1. Very cool stuff. I wish her great success in her career.

    One question, though, out of curiosity not criticism: Should the reader be told that Adi is childfree herself, which is what happens in the first line of this article? I can see an argument could be made either way. Ideally, her reproductive status ought to make no difference to her research, if she’s conducting an objective analysis. What do other people think? Is Adi a childfree researcher or a researcher on the childfree?

    1. Hi Scott, I mentioned she is childfree given the nature of this blog. I doubt those involved in her research knew this. I would say from the rigor she needs to uphold to do a dissertation project and defend it, she is a researcher on the childfree…

  2. Hello Scott,
    When conducting qualitative research it is often advised to acknowledge one’s biases toward the topic of study. In my dissertation, I address the fact that I am a childfree woman. In general, researchers are biased and have their own wishes, hopes, and preconceived notions, even in quantitative studies. But – you are right. It would not matter. I made every effort to maintain objectivity and represent my subjects and not myself. This was done by meticulous data coding, done by independent coders, none of which identified as childfree.

    I hope this answers your question!


  3. Thank you so much for the results. I was happy to participate in the study. I wish there will be more serious research on childfreedom in the future!

  4. I was SO grateful to participate and hope that by the success of your study, Adi, more researchers will decide to pursue taking a closer look at the CH community and the many questions there are left to be explored. Thank you for all of your hard work and dedication.

  5. I want to thank the participants again. Their dedication was really a testimony to the sense of community and desire to be known. I cannot thank these delightful women enough!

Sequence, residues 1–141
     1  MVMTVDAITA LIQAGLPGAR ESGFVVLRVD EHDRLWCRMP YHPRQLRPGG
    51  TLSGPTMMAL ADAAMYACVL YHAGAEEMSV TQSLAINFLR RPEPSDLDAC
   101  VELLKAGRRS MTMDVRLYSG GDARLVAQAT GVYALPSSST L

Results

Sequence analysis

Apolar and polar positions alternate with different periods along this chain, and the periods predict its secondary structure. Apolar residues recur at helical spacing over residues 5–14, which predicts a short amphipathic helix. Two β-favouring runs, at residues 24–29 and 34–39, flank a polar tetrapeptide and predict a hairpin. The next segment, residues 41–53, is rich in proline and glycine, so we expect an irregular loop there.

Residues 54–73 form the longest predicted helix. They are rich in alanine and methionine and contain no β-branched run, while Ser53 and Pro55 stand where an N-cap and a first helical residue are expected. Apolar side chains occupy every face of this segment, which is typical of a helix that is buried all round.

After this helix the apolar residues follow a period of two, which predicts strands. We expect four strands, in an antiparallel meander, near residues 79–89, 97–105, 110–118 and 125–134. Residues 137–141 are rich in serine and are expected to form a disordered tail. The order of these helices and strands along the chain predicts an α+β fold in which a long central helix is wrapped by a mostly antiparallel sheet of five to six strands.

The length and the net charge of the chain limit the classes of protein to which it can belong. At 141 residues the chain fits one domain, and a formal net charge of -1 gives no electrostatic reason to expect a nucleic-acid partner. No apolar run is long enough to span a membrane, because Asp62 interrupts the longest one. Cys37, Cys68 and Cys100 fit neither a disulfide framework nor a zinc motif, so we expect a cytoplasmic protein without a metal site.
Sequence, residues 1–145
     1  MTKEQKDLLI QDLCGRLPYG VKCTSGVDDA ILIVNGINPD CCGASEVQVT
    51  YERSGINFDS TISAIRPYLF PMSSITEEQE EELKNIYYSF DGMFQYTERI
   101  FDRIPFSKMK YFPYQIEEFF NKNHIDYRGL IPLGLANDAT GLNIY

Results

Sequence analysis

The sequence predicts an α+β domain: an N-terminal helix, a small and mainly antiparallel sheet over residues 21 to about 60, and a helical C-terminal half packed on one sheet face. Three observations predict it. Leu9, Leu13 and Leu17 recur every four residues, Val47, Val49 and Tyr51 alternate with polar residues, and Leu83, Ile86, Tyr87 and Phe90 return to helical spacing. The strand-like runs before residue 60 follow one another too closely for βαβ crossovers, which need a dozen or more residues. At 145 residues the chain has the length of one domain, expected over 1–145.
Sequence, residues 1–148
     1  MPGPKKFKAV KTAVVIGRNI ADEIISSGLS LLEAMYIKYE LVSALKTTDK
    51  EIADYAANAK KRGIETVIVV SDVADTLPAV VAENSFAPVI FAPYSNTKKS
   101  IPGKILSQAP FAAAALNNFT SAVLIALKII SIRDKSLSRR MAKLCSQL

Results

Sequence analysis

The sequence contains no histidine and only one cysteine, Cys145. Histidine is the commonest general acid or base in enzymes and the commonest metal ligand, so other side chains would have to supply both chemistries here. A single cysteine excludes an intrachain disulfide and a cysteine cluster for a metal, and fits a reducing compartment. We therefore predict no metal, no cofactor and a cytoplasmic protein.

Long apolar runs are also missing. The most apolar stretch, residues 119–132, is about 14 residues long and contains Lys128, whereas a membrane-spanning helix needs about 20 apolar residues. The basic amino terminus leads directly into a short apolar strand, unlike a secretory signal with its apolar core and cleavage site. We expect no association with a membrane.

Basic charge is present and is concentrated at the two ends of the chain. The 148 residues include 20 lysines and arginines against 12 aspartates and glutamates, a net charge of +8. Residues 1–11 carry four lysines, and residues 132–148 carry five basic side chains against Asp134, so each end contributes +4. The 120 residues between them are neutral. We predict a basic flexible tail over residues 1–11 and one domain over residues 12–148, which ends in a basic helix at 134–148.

And Happy Birthday, Laura!

  6. I find it difficult to understand how a research that is done out of test tube is free from the ideology of the researcher. Maybe it would have been interesting to have an analyzes done by a CF advocate and a mother. Or a man (who is not a CF. CF men is probably an issue as well)

    Even more interesting would be to follow the participants and see if any of them changed their ideology, became moms and see how their opinion and answers changed

    1. Well – I doubt anyone, including Bob, is reading this anymore, as it’s a year and a month since Bob’s comment. But just in case:
      for one thing, longitudinal research like you suggest, Bob, cannot be done in the context of a dissertation, something that you need to finish within a set amount of time, usually a few years at most. What you suggest would possibly require at least two decades, to cover the whole period of time during which the participants are presumed to still be able to reproduce.

      But furthermore, it does strike me as a bit presumtive to immediately suggest that the research was done on women who perhaps just hadn’t changed their minds yet. Would the same suggestion come up if someone were to do a study on the motivations and experiences of animal rights activists – how likely do you think it would be that people would jump to the conclusion that the activists simply hadn’t yet come round to wearing (or at least not objecting to) fur, but probably would, eventually? (Fur does appear to have regained a degree of acceptability again in mainstream fashion, hence the parallel.)

      Moreover, I don’t think it was claimed anywhere that all the women in the study were still of reproductive age, unless I’m mistaken.

      And, to answer Bob’s question at least for now (I would happily let him know each year in case he’s wondering, but I have no way of communicating with him): as one of the women in Adi’s study, no, I haven’t changed my mind yet, nor will I. I’ve just turned 35. I’ve been sterilised for several years now. I’m incredibly happy that I never caved in to the pressure to breed when I was younger and less sure of myself. No clock, no loss. I’d happily tell anyone wondering about it again at 40.

  7. difficulties to talk with CF women is that many times they start the talk from a defensive stand point, use an offensive tone to support or cover this defensive feeling, and are not open to listen to a different opinion or criticism even if it has nothing to do with their personal choice
    Personally, I think it comes from a deeper emotional state of mind than just pure, logical decision